Distinction Between Market And Market Structure And Its Implications For Managerial Decision Making

1002 words - 5 pages

DISTINCTION BETWEEN MARKET AND MARKET STRUCTURE AND IMPLICATIONS FOR MANAGERIAL DECISION MAKING
A market can be defined as a place or institutional arrangement which facilitates the interaction between buyers and sellers in a process that determines price and quantity sold. It can be a physical or virtual place and typically, the product being traded could be goods, service or information.
Market structure, on the other hand, refers to characteristics of a given market such as the size of the market, number of buyers and sellers, nature of product being sold, mode of pricing and nature of market information. The structure of any market has a great influence on the behaviour of buyers and ...view middle of the document...

If a manager desires to have some influence on the ruling price, then he must find a way to differentiate his product in such a way that rational consumers would not consider it as homogeneous with the products offered by other competing firms. If he does this successfully, then his firm would by implication have exited the perfectly competitive market into another form of market structure where seller’s influence on price is feasible.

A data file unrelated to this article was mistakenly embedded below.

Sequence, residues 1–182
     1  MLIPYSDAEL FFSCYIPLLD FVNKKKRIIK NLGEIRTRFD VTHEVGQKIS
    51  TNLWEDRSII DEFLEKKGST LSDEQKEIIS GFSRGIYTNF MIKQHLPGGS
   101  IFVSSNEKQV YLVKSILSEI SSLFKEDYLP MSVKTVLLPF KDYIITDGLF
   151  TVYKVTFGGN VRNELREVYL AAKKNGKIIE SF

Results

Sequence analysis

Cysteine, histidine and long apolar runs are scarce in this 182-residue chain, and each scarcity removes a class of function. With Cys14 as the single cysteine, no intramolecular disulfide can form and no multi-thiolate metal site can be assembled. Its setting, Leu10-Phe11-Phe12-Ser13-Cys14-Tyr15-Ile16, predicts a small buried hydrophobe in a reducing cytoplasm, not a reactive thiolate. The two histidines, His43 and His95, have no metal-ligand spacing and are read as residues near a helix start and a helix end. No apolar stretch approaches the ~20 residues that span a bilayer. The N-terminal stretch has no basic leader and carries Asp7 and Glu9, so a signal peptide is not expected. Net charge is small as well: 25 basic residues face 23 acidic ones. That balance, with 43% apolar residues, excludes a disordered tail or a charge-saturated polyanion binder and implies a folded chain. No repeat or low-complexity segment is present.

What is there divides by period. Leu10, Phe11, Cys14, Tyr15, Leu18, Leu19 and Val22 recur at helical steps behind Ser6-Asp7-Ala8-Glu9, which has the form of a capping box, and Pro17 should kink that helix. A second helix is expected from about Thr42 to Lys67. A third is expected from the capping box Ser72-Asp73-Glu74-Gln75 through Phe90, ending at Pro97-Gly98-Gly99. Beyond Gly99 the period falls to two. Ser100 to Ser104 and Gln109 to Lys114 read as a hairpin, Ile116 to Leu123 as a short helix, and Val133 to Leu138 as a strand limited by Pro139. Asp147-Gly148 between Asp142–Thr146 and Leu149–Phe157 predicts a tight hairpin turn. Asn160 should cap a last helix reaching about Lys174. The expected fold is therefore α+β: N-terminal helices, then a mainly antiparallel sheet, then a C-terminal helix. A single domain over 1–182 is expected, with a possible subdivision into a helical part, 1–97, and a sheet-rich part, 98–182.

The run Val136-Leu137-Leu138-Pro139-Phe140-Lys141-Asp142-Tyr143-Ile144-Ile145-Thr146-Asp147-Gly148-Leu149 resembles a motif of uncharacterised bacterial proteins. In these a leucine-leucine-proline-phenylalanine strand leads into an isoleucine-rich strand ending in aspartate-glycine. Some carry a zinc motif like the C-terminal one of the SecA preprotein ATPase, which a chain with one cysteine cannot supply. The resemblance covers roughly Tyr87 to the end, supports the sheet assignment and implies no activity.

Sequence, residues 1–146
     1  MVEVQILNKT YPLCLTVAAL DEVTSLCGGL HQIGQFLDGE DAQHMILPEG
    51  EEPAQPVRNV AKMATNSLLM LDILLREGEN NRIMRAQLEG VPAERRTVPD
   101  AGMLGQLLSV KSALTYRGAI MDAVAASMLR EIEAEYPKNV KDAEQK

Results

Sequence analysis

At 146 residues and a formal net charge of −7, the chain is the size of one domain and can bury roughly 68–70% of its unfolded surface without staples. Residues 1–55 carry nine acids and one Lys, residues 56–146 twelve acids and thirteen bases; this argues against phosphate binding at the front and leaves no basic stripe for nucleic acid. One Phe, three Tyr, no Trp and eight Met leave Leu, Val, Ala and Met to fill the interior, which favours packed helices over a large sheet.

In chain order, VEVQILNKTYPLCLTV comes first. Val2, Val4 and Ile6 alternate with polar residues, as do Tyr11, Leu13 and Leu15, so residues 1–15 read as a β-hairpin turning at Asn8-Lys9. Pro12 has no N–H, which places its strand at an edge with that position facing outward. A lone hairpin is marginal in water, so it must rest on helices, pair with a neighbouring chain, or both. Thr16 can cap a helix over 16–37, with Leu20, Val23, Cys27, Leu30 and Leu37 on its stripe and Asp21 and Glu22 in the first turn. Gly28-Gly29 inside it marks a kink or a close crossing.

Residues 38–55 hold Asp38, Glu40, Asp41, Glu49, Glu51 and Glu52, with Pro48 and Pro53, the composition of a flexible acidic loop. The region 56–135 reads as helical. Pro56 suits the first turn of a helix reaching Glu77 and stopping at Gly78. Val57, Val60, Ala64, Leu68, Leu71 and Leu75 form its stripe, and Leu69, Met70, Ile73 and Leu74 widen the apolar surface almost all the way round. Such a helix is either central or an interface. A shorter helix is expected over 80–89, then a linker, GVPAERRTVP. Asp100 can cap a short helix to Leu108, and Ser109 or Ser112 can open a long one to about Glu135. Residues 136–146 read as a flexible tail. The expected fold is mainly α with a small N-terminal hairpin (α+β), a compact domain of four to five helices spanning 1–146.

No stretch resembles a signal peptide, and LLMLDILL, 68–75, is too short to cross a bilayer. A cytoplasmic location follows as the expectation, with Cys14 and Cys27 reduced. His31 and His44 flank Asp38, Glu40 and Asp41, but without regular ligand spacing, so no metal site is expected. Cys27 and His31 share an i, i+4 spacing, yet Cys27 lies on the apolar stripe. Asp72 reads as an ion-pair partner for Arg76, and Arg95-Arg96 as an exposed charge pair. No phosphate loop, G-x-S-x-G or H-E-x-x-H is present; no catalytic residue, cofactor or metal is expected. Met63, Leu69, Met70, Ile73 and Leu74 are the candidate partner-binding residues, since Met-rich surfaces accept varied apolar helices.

Monopolistic Competition
Many industries that we often deal with have market structures that are characterized by monopolistic competition or oligopoly. As in the case of perfect competition, monopolistic competition is characterized by the existence of many sellers but each seller offer differentiated products, though the products are close substitutes of one another. There is also relative ease of entry into the monopolistically competitive market.
The capacity to differentiate its product from others in the market gives a firm under monopolistic competition a bit of control over the price it charges. Thus, a manager in this circumstance could look at charging higher price above his marginal cost so that he can earn excess profit. Thus, the price associated with the product is higher than the normal equilibrium level where marginal cost equates marginal revenue). As production under monopolistic competition does not take place to the point where price equals marginal cost of production, the net result of the profit maximizing decisions of monopolistically competitive firms is that price charged under monopolistic competition is higher than under perfect competition, and the quantity produced is simultaneously lower. Apparel retail market with many stores and differentiated products provide an example of monopolistic competition.

Oligopoly
Oligopoly is a common market structure in which there are few competing firms with significant, obvious barriers to entry due to factors like large financial requirements, availability of raw materials, access to the relevant technology or...

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